Is it time to “re-question” nuclear energy?

Despite the Chief Scientist saying that nothing we do in Australia will make a scrap of difference to the world’s climate, whether you like it or not it, coal, or in fact anything that is combustible seems to be off the agenda for electrical power generation.

So what should we do?

Household solar panels are still very inefficient but sometime in the future they are sure to be much better, so too will be household batteries that are needed to make solar a real viable alternative.

In the short term, without subsidies, solar still has a long way to go and no real solution has yet been suggested for the disposal and recycling of batteries. The fact is, the science is not yet there.

Wind and vast solar arrays are an alternative but in the absence of a storage facility they too are questionable unless we can build huge dams as batteries, but that too seems unlikely.

As we ponder this it seems the thinking is that science in the long run will provide answers with improved batteries, better solar panels and improved power management. Whilst we look to science for renewable answers perhaps it may be time to reconsider nuclear power?

The safety of nuclear plants has always considered to be a problem, so too the disposal of waste, but with an estimated 500 nuclear plants in the world today, accidents have been few. Indeed the most tragic of man-made accidents was the terrible catastrophe in the Union Carbide facility in Bhopal India in 1984. The death toll was reported to be as high as 16,000 souls. This was a pesticide facility, yet despite that, there has been no push to ban pesticide manufacture, so why nuclear?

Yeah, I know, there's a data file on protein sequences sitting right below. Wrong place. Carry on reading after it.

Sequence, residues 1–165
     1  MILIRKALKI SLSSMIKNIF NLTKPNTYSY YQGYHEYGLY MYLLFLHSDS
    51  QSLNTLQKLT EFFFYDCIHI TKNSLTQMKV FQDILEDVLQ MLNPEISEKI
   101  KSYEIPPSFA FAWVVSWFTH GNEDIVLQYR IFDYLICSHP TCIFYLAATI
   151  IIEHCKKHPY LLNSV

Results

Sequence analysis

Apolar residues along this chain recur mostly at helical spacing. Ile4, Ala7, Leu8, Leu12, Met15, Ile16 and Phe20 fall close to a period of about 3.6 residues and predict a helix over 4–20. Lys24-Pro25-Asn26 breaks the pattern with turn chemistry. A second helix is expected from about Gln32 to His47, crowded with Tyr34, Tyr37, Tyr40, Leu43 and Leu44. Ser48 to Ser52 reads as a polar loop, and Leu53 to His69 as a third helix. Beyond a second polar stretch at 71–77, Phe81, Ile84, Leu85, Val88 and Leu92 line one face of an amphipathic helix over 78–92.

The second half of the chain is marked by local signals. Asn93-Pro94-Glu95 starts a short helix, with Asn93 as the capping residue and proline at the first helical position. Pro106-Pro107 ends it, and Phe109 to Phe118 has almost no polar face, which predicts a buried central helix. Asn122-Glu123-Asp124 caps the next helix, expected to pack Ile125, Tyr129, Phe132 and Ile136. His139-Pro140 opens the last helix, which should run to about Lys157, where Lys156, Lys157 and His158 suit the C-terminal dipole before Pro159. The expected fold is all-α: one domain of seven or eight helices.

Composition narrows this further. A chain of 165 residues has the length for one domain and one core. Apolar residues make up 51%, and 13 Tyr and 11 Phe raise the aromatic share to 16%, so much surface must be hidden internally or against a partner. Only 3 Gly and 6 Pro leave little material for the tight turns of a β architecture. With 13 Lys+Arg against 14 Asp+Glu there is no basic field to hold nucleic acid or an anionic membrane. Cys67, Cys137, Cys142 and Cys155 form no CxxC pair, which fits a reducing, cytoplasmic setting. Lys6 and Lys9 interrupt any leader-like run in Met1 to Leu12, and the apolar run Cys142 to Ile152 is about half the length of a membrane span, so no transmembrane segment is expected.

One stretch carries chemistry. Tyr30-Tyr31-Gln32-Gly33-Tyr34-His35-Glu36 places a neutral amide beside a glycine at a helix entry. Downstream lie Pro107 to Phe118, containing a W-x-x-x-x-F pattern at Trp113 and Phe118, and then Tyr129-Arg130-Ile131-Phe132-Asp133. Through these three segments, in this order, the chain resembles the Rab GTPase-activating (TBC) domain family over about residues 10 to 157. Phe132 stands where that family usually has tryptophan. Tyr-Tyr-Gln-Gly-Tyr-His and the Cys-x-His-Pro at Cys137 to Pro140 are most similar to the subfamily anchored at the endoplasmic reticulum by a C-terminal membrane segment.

The answer is probable because of waste disposal, but let us again look at science.

Space travel is almost upon us as a “bucket list” item of many of the rich and famous, but you can be sure that within the next 50 years, the typical lifetime of a nuclear reactor, space travel will be as common as a domestic flight. Science will see to that. If indeed this is the case, can’t we simply blast our nuclear waste into space to ultimately be burned up by the big nuclear furnace in the sky, the sun?

Yes, science does have answers and perhaps it will ultimately have the answer for nuclear waste?

Innovation at its best.

Roger La Salle, www.innovationtraining.com.au

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